The Urban Forestry Program implemented by the City of Saskatoon has initiated a tree inventory at the Richard St. Barbe Baker Afforestation Area beginning in October of 2016.  “Saskatoon’s urban forest is healthy and growing –it is up to everyone to protect it. Trees help to make our communities beautiful and improve our quality of life by helping to modify our climate, reduce air pollution, protect our soil and water resources, and provide habitat for wildlife.”  Tree inventories help to establish any spring and fall tree planting programs which may be required, and identify any dead or hazardous trees for removal.  By doing tree inventories, the City’s Urban Forestry Program is able to asses its ongoing maintenance program and implement the  planning process to determine site analysis, species selection, and planting site determination for successful planting of trees (afforestation) in the upkeep of the Richard St. Barbe Baker Afforestation Area.  The Urban Forestry Program is better able to manage and caretake the urban forest of the Afforestation Area with a tree inventory.   The inventory contains data and information regarding not only the number of trees and empty tree wells, but also the tree diameter, tree size, species of trees, recent plantings and self generating saplings, and vulnerability of the forest and the individual trees to invasive insects and disease.  This information enables the Urban Forestry Program to better manage and assess the health of the Richard St. Barbe Baker Afforestation Area riparian woodlands.

The Saskatoon Nature Society watches over the environment for wildlife to support ” nature conservation projects” and they are “an active advocate for the preservation of plant and animal habitats”. Richard St. Barbe Baker Afforestation Area is included in the new edition “Nature Viewing Sites in and around Saskatoon (3rd edition).”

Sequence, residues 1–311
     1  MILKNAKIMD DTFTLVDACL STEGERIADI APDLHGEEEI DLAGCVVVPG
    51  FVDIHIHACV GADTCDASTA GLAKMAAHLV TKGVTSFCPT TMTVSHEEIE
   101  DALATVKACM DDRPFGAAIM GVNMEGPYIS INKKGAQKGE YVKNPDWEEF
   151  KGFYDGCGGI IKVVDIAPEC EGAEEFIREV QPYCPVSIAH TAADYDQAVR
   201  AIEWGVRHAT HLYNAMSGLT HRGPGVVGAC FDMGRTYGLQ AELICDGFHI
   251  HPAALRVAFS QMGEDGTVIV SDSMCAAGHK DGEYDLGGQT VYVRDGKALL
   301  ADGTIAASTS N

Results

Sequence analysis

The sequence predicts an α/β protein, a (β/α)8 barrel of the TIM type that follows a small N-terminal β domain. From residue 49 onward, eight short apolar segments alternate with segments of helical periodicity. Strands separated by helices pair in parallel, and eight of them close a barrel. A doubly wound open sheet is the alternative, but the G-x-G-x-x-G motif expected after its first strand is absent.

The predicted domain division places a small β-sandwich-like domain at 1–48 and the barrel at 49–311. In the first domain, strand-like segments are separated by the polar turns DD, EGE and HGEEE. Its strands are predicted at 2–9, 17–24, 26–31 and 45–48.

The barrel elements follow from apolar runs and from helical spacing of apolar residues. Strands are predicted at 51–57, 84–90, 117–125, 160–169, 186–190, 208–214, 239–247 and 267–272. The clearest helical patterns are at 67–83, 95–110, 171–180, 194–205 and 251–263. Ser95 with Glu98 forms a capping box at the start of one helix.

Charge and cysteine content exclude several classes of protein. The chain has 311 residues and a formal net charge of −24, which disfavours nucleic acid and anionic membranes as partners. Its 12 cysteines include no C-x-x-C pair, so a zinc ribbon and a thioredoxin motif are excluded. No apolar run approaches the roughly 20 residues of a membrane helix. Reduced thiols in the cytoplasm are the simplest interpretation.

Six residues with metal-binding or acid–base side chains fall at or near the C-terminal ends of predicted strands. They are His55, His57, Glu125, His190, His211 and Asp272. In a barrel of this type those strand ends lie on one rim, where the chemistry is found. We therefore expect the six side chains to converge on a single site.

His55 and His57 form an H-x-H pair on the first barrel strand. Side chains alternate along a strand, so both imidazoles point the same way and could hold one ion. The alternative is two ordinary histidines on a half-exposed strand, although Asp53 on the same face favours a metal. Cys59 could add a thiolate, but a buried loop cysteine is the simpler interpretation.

The Meewasin Valley Authority is a “conservation agency dedicated to conserving the cultural and natural resources of the South Saskatchewan River Valley”, and “one of Meewasin’s primary goals is to help maintain a vibrant & healthy river valley”. The Richard St. Barbe Baker Afforestation Area has a large area within the MVA jurisdiction, The West Swale Wetlands, and Chappell marsh of the Richard St. Barbe Baker Afforestation Area drain into the South Saskatchewan River.

It is thus that the Richard St. Barbe Baker Afforestation Area does indeed have shepherds watching over the trees of the afforestation area preserved in perpetuity in 1972, as well as guardians of the semi-wilderness wildlife habitat, and a watchdog for the conservation and preservation of the environment.

This March 3, World Wildlife Day, and everyday, please take an active role personally as a shepherd of the biodiversity in the Richard St. Barbe Baker Afforestation Area.  Thank you kindly.

“Every flock of the sheep of God which is protected under the shadow of the Divine Shepherd will not be scattered, but when the sheep are dispersed from the flock, they will necessarily be caught and torn by the wolf.